The Guildhall complex is owned by City of York Council and is made up of Grade I, II* and II listed buildings built around a large 15th-century Guildhall. The refurbishment and remodelling provide a world class venue, supporting and nurturing the expansion of York’s vibrant businesses, combining events and exhibition space with state-of-the-art collaboration and co-working facilities in the heart of a historic and creative city, and securing an economically viable and sustainable future for one of its most iconic buildings.
The project has delivered a comprehensive (once in 100 years) refurbishment of one of York’s most prestigious and historically significant buildings, together with new build interventions as necessary to re-purpose the complex for its new use.
The restored complex offers a range of workspace solutions, with conferencing and event spaces including the impressive Main Hall. Workspaces suit a variety of business needs; from coworking spaces to help foster collaboration, to office spaces to support business formation and growth. In addition, meeting space is provided for community groups and social enterprise as well as being a venue for events such as the York Festival of Ideas. The council retain access to the Guildhall for civic events such as Mayor-making, and council meetings.
A café and separate restaurant unit benefits from the new south facing riverside courtyard, designed to provide flood resilience, which improves public access throughout the complex, creates more attractive circulation routes and improved links to the adjacent retail centre and independent cinema development.
The University of York, through York Science Park Ltd, a partnership between the University and City of York Council, has taken a long-term lease on the historic buildings, to create a hub for business, enterprise and events. The new space will enable the University to bring the innovation and support it offers to local business and enterprise into the heart of York, driving inclusive and sustainable growth in the city as it recovers from the pandemic.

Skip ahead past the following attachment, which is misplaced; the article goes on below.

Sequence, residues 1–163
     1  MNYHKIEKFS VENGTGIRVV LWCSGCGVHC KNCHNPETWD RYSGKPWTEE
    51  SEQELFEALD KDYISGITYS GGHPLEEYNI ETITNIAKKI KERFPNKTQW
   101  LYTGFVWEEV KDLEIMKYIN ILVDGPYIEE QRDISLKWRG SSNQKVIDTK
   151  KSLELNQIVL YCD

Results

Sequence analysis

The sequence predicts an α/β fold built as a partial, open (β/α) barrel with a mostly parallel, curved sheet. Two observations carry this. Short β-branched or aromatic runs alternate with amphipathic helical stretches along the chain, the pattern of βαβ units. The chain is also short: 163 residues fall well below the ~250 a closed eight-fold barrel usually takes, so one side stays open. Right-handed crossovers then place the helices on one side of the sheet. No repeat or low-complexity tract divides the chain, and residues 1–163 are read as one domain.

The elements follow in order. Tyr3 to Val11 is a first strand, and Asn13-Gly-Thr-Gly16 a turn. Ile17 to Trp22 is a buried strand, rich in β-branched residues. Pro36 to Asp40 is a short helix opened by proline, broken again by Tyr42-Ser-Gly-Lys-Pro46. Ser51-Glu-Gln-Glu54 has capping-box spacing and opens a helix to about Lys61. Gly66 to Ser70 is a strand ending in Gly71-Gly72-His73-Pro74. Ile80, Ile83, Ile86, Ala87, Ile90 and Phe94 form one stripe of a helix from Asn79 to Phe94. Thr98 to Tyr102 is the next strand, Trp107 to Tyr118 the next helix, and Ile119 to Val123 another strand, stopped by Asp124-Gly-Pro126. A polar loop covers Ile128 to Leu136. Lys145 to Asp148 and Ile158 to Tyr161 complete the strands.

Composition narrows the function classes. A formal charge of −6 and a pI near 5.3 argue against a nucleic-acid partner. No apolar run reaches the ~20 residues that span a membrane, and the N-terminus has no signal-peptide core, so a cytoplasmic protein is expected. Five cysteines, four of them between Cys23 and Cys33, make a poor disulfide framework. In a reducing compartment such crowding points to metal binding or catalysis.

Three Winning Facts:
- Best practice conservation principles have been adopted, in terms of the approach to enhancing and better revealing the significance of the heritage assets, whilst incorporating modern servicing and amenity requirements. The integration of renewable and decarbonising technology, in the form of the Water Source Heat Pump, provides sustainable green energy from the adjacent River Ouse and showcases that any building can be adapted to contribute towards the sustainability agenda. This, linked with carefully considered building fabric improvements that were complementary of the listed nature of the building, has reduced both running costs and carbon in use..
- The River Ouse was used to transport materials to and from the site to avoid construction traffic in York’s narrow city centre streets. Due to the Guildhall’s central riverside location, the Canal & River Trust enabled contractors to use the river to erect an on-site Tower Crane and provide access for deliveries, which would otherwise be impossible via road. Use of the river has also reduced road deliveries into the heart of the city. Over 1,000 river deliveries were made through the contract period to bring in equipment and materials.
- The capital spend has transform edit from a long-term liability for the Council into a vibrant and financially viable city landmark.